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    For 20 years, Stanley Cloud was a foreign and domestic correspondent and bureau chief for Time magazine. He has interviewed five U.S. presidents and has covered politics, international affairs and the Vietnam War. In the late 1970s, he left Time and became managing editor of the Washington Star. Later, he was executive editor of the Los Angeles Herald Examiner. He returned to Time in 1987 and was its Washington Bureau Chief from 1989 to 1993. After retiring from journalism, he co-authored two non-fiction books with his wife, writer and historian Lynne Olson.


    The Manhattan Well is his first novel.


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Stanley Cloud, author of The Manhattan Well.
Stanley Cloud, author of The Manhattan Well
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A Q &A with Stan Cloud (below the fold)


Q: How did you come to write The Manhattan Well?


A: Some time back, I read Ron Chernow’s fine biography, Alexander Hamilton, and was fascinated to discover about three-quarters of the way through a shortish description of the Levi Weeks murder trial and the fact that Alexander Hamilton and Aaron Burr defended Levi. I’d never heard of this case and decided to pursue it. I spent about a year on research -- among many other things, I found that a transcript of the Weeks trial exists and is, in fact, the oldest criminal trial transcript in the history of U.S. jurisprudence. But none of my research came close to answering the key questions that surrounded the case. So I decided to write the story as a novel.


Q: Did Gore Vidal deal with the murder case in his novel Burr?


A: Not really. I admire Vidal’s book, but he mentions the Manhattan Well case, and Aaron Burr’s related Manhattan Company scheme, only in passing. His novel deals with Burr’s entire life -- and the man lived for 80 years -- while I focus on just three years of his life -- 1799, 1800 and, of course, 1804, the year of his famous duel with Hamilton. By the way, Vidal also treats the duel in a rather backhanded way.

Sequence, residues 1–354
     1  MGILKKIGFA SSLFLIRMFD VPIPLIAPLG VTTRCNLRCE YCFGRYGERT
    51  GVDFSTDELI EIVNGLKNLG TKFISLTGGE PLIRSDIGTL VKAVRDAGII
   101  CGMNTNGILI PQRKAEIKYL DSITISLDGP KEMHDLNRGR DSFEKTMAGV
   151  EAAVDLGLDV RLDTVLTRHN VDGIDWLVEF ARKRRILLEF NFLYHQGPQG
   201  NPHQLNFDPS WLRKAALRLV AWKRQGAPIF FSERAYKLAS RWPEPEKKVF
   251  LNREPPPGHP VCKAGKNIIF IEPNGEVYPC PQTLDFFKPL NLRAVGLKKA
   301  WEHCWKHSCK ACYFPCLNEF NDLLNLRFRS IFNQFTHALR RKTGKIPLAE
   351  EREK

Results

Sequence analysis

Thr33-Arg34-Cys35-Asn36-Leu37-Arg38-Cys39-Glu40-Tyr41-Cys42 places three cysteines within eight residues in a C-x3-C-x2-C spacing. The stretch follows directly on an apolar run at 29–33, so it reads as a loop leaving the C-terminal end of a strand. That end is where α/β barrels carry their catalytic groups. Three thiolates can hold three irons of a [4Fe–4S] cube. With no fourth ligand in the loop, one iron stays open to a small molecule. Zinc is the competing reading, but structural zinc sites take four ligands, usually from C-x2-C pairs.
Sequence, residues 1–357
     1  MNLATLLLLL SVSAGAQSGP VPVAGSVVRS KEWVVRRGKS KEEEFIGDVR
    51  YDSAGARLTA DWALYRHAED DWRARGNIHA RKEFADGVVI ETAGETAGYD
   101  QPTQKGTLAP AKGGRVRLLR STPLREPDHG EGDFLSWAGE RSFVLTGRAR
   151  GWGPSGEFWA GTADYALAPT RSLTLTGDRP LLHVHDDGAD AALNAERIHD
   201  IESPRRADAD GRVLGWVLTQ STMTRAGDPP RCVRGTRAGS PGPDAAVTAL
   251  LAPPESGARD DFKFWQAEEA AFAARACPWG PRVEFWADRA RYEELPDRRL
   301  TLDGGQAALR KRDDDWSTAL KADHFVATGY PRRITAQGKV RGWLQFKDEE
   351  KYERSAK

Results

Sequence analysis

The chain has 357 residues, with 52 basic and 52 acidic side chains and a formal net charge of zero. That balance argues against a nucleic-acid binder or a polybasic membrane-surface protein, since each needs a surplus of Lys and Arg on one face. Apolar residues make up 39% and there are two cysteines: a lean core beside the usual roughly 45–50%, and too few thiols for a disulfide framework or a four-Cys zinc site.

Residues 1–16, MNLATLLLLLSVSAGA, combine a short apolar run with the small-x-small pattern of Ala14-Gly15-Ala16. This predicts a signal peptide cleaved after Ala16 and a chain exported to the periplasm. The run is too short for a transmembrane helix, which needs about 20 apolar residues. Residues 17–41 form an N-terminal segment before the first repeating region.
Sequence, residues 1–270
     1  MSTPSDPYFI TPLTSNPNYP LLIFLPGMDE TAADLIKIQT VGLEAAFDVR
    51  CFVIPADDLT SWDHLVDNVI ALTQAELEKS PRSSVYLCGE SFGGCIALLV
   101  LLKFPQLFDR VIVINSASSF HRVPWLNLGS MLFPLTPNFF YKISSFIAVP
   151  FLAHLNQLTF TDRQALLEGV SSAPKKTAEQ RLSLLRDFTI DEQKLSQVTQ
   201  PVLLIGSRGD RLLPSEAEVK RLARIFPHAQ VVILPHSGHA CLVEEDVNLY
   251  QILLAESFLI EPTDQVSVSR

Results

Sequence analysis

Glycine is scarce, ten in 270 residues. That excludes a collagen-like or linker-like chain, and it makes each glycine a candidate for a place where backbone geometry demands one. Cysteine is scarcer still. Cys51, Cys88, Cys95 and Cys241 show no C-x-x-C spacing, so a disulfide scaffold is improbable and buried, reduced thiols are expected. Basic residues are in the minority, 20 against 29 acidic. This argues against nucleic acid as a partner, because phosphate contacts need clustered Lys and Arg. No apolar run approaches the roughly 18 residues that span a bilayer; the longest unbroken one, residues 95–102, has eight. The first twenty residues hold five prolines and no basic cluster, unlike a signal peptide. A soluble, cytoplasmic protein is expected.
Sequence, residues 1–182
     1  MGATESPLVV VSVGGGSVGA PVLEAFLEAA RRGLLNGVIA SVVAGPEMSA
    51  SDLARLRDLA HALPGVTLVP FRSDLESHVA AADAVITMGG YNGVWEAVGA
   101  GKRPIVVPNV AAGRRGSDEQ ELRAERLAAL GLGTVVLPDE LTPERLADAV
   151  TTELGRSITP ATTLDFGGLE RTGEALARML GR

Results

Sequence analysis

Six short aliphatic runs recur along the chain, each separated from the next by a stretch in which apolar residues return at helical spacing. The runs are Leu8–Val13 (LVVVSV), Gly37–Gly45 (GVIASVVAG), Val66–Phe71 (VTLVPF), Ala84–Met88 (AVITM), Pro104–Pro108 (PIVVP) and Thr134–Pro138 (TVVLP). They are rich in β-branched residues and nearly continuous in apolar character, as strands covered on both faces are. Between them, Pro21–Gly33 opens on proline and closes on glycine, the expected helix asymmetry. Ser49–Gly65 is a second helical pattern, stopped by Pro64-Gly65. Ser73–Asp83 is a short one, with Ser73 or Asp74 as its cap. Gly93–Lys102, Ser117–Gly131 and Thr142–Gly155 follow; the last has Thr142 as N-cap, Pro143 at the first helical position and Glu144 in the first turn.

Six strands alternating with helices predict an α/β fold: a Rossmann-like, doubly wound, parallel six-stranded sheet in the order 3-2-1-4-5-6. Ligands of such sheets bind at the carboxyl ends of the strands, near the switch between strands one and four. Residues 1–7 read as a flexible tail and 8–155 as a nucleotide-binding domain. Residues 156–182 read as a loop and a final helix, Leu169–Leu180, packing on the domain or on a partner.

Q: Did your research change your mind about any of the main characters?


A: It certainly added to my understanding of them. Hamilton was a brilliant man, probably a kind of genius. I think he had more to do with shaping our federal government and economic system than any other single Founding Father. Born in the West Indies, he was the bastard son of an impoverished woman who made, shall we say, poor choices in men. Yet her son Alexander overcame all that. He made it alone as a teenager to Boston in 1772, then moved to
Alexander-Hamilton
New York. And after just five years, and in the midst of the American revolution, he became a member of George Washington’s military staff -- his “family,” as Washington called it. Soon afterward Hamilton was de facto chief of staff. Another decade or so, and he was the first Secretary of the Treasury, with more power and influence, perhaps, than any other member of Washington’s cabinet. A truly remarkable ascent! Yet, somehow, the more I learn about Hamilton, the less I like him. I find him stuffy, priggish, rather hypocritical and arrogant. He had many good qualities and was a kind of idealist, but I doubt he was very pleasant to be around.


Q: And Aaron Burr?


A. Ah, Burr. He came from a prominent American family of mostly ministers -- his father, The Reverend Aaron Burr, Sr., was a founder and the second president of Princeton College (then the College of New Jersey) and his maternal grandfather was the renowned fiery preacher, Jonathan Edwards, who, after Burr Sr. died, became Princeton’s third president, then promptly died himself.
Aaron Burr
(See aaronburrassociation.org.)In evident contrast to his illustrious forebears, Aaron Burr, Jr., was a major-league sinner, a womanizer -- Hamilton was a bit of one himself , by the way -- and, in many ways, a deceitful scoundrel, with a wide cynical streak. But he was likable, was no hypocrite, was relatively modest, and had a remarkable generosity of spirit. In other words, he and Hamilton were in most respects polar opposites. Which makes their duel all the more interesting and tragic.


Q: How historically accurate is The Manhattan Well?


A:  In writing  it, I tried to fill in the blanks that history always leaves behind, while being as faithful as possible to the historical facts of the three main stories and their inherently dramatic and, in my view, intertwined events: the murder of Gulielma Sands, the trial of Levi Weeks and the fateful rivalry between Burr and Hamilton. I cut a few corners for my story’s sake but not many. The dialogue, motives and emotions are, of course, largely imagined, although I’ve occasionally used the actual words and thoughts of the major characters. My descriptions of the Weeks trial rely heavily on the trial’s transcript. In Part Two of the novel, I accurately portray the events leading up to the duel, except of course for its proximate cause -- the specific charge that Hamilton directed at Burr -- which no historian has yet discovered. By the way, at the end of the book I’ve included a fairly lengthy author’s note and bibliography for anyone who’d like to pursue the matter further.


Q: What do you say Hamilton’s charge was? And who do you think murdered Gulielma Sands?


A:  I guess you’ll have to read The Manhattan Well to learn that.




 
Cover of The Manhattan Wellmanhattan-well-cover.htmlmanhattan-well-cover.htmlshapeimage_2_link_0


Other books by Stanley Cloud & Lynne Olson: